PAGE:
I don’t see how you can have a City of Culture year with no mention of Hull City. Culture isn’t just art and theatre and poetry, it’s whatever people do, and what I’ve always done is support Hull City and advertised that by wearing the colours. To Hull KR’s credit, they have gotten involved, they had a Hull 2017 shirt a few years ago and they were one of the ‘bid angels’. I wish City had been more involved, they allowed the multiple microphone recording of the crowd at the Newcastle League Cup game for the brilliant sound installation at Zebedee’s Yard I suppose, but I reckon they could have organised a kit exhibition better than me, but hey it’s me and my modest project that you’ve got!
As well as items from your own collection, you have brought together a number of local collectors to exhibit their prized player worn shirts. Can you give us a taste of some of the rarest or most unusual items that will be on display that us City fans will be dying to see?
I didn’t want it to just be my stuff. To my girlfriend’s bewilderment people do ask to come to my house to see my collection, so just displaying things that I own didn’t seem special. I’m not the only City fan with the collecting gene, and social media allows me to cast envious glances at what other people have, it just made sense to try to have as broad and rich a display of matchworn shirts as possible. I said that I was transfixed by the change in shirt shadow pattern in 1989/90, well one fan has kindly lent one of those shirts which were never commercially available. Only the players got to wear them so the number 7 home shirt, which will have been worn by Garreth Roberts, is an exhibit that I particularly love. The club have lent one of Michael Dawson’s 2016 Play-off final shirts which is very, very cool.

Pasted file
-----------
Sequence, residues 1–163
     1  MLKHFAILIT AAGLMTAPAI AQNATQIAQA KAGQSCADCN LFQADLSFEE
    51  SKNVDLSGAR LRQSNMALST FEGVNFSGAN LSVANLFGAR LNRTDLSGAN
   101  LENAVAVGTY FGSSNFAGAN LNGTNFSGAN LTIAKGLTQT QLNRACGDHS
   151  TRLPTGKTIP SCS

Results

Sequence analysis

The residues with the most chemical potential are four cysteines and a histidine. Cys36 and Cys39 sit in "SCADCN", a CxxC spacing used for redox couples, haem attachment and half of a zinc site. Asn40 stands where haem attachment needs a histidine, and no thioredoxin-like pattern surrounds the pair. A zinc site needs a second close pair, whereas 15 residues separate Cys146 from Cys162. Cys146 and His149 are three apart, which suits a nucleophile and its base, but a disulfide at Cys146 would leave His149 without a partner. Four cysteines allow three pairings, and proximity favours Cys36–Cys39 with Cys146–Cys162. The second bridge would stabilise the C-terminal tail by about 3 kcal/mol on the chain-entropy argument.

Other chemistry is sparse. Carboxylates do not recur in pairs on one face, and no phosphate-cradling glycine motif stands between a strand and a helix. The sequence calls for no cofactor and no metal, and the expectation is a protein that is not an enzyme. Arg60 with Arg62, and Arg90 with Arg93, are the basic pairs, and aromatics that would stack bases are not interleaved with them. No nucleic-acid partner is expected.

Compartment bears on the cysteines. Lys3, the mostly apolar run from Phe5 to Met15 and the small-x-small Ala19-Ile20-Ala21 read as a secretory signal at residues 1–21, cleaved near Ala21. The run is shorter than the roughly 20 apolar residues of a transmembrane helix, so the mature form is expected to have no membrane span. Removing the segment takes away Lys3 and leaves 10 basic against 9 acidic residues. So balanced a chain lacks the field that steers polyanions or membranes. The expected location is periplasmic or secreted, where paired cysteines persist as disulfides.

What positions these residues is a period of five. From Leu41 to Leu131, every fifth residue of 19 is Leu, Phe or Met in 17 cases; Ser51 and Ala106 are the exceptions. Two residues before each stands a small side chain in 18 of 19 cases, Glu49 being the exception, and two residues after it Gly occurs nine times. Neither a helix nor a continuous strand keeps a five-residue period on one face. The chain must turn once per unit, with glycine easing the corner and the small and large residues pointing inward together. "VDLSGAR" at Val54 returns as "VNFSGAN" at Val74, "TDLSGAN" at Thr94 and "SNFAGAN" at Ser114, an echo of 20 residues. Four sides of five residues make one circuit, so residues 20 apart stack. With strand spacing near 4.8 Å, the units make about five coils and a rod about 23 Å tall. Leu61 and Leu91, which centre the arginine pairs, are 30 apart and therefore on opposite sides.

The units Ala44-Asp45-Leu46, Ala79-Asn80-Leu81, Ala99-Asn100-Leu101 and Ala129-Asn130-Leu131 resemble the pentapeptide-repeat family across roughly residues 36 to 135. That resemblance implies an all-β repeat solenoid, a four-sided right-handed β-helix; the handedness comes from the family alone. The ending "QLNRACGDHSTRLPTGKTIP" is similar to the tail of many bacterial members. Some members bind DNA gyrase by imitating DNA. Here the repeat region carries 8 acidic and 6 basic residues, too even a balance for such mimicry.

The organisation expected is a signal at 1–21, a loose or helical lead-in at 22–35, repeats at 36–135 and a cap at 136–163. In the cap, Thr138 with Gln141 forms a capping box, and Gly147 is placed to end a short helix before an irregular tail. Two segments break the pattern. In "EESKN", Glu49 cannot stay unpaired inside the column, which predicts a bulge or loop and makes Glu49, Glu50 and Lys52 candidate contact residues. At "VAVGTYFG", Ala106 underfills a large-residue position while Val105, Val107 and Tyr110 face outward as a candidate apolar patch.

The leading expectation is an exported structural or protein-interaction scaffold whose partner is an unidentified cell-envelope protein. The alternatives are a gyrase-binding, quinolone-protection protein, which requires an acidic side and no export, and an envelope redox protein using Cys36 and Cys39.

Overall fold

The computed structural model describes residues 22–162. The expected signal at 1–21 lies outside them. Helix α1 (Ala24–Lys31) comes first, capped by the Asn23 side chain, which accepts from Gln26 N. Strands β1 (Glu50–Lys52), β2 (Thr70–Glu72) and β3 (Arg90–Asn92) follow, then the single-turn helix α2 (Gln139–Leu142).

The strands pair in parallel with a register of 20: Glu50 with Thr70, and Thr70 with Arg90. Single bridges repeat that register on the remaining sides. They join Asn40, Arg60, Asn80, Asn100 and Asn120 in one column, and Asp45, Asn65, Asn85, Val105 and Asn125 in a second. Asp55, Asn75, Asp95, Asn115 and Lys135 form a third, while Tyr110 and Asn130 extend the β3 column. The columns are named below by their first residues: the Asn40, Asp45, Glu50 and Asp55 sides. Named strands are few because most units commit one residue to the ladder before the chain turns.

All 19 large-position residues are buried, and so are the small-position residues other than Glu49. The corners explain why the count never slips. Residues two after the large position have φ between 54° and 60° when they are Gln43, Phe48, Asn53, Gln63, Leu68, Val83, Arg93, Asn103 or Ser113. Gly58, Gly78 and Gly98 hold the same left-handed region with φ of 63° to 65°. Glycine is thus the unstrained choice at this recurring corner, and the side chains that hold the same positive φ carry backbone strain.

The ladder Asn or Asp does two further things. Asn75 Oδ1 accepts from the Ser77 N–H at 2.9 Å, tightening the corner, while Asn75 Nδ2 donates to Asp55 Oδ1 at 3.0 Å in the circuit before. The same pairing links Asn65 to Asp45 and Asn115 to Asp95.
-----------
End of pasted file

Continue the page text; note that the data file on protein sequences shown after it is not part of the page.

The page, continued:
The exhibition will be split into to themes. The first theme, Plurality of Polyester, will run from July 3 to September 3, while the second, International Tigers, will run from September 4 to October 2. What will each theme involve, and overall, how many items will we be able to see at the exhibition?
My biggest concern is that people may be disappointed by how many shirts are on display, but some of that comes from my having a spare room that has a Hull City something or other hanging from every available aperture, and museums don’t work that way, it’s a distillation of the best stuff. We’re limited by the display cabinets and tables that are in the community space at the Streetlife Museum normally, so you’re looking at 20 shirts for each phase and some other items for context, but as well as the shirts there are a series of large banners that I hope will inform and entertain visitors with stories from the club’s kit history.
The first phase is all about kit design and how varied some of the designs used are, hence plurality of polyester. Each table will have a theme, so there’s solid amber shirts, striped shirts, shirts featuring red trim from the 80s and away shirts.
The last phase is about players who’ve worn Hull City’s colours, and at a time when migrant labour is a hot topic politically, I thought it was worth noting some of the foreign players who’ve represented the city of Hull by playing for Hull City, so that’s International Tigers.